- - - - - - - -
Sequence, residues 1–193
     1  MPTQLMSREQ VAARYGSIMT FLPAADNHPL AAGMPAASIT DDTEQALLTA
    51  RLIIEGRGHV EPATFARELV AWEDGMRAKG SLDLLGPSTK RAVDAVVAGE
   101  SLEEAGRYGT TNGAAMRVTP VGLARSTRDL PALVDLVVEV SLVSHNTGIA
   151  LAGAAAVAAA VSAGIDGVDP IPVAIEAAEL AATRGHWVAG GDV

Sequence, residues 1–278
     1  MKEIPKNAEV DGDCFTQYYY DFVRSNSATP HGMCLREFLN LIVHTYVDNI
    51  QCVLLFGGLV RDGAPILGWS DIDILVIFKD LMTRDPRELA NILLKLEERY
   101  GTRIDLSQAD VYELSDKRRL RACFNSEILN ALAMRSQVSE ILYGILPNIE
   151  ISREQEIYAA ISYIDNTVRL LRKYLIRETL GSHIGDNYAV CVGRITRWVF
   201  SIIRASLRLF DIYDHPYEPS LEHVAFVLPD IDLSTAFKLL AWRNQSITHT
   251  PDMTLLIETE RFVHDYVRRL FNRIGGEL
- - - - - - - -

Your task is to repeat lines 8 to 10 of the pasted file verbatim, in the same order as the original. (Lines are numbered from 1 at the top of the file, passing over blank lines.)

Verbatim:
    51  QCVLLFGGLV RDGAPILGWS DIDILVIFKD LMTRDPRELA NILLKLEERY
   101  GTRIDLSQAD VYELSDKRRL RACFNSEILN ALAMRSQVSE ILYGILPNIE
   151  ISREQEIYAA ISYIDNTVRL LRKYLIRETL GSHIGDNYAV CVGRITRWVF